“Fed Up” leans heavily on emotional video diaries from a variety of kids struggling with weight issues to give the subject context. They range from 14-year-old Joe, who decides to get lap band surgery, to 12-year-old Maggie, who exercises regularly but can’t lose weight. Meanwhile, 15-year-old Brady struggles to change his eating habits and 16-year-old Nashwah admits she just loves food and sneaks out to buy snacks if her mother doesn’t have them in the house (it can’t help that ever since she was young, teachers would reward good behavior and learning with candy). The prognosis isn’t good: This is the first generation of kids in two centuries expected to live shorter lives than their parents.
So why isn’t anything being done about it? “Fed Up” aims to get viewers fired up enough to start a revolution, pointing to the collusion between government and big food as the biggest hurdle. Soechtig asserts that in the conflict between promoting health and promoting industry, the clear winner is industry. Processed food remains cheap and accessible, school nutrition budgets have been slashed while fast food is served in more than half of U.S. schools, and companies dump so much sugar (in so many different forms) into food labeled non-fat or low fat that “healthier” options are often anything but. Attempts to crack down on practices that are clearly harmful to kids are inevitably met with “nanny state” talking points from right-wing commentators and politicians.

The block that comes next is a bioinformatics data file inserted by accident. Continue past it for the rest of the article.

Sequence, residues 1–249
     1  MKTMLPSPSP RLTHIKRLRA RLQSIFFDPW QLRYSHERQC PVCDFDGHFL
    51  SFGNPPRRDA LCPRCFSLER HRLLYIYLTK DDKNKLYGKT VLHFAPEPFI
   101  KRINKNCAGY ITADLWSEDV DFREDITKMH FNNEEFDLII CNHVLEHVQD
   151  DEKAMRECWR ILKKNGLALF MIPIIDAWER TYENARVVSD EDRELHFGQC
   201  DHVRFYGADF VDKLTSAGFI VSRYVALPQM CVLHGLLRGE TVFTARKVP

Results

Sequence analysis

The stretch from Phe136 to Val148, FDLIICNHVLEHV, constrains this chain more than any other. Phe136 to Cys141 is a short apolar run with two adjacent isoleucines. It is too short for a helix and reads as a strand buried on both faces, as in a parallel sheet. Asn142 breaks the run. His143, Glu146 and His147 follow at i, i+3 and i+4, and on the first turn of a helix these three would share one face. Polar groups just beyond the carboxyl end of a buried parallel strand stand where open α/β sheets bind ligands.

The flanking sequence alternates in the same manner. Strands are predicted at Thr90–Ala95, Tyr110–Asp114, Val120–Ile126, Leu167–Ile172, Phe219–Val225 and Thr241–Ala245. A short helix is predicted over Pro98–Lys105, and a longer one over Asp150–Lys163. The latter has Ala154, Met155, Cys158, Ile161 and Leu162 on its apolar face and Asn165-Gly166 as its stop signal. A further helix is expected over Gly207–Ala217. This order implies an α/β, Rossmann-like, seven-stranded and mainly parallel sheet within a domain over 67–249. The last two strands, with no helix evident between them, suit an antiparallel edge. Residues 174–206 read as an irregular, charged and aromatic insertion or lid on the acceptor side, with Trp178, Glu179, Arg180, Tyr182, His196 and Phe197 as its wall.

But “Fed Up” acknowledges the problem crosses party lines, targeting Michelle Obama’s “Get Moving” campaign as a massive failure for only addressing half the problem: advocating for exercise while doing next to nothing to encourage healthier eating habits (due to the political risk of taking on deep-pocketed food companies). Couric also presses Clinton, who became an advocate for healthy eating after leaving office, on whether he thinks his administration did enough to address the problem. He admits they might have “missed it.”
Sundance Film Review: 'Fed Up'
Reviewed at Sundance Film Festival (competing), Jan. 19, 2014. Running time: 92 MIN.
An Atlas Films presentation in association with Artemis Rising Foundation and Diamond Docs. Produced by Eve Marson, Sarah Olson, Stephanie Soechtig. Executive producers, Katie Couric, Laurie David, Heather Reisman, Regina K. Scully, Michelle Walrath, Michael Walrath. Co-producers, Sarah Gibson, Kristin Lazure.
Directed by Stephanie Soechtig. Written by Mark Monroe, Soechtig. Camera (color, HD), Scott Sinkler; editor, Brian Lazarte, Tina Nguyen, Dan Swietlik; music, Michael Brook; music supervisor, Mike Meeker; supervising sound editor, Eric Lalicata; re-recording mixer, Tom Boykin; graphics and effects, the Glossary, Matthew Freidell, Allison Dunning, Jeremy Dunning; associate producers, Mary Beth Callie, Yoko Okumura, Carly Palmour, Dawn V. Woollen.
Bill Clinton, Tom Harkin, Kelly Brownell, Robert Lustig, Michael Pollan. Narrator: Katie Couric.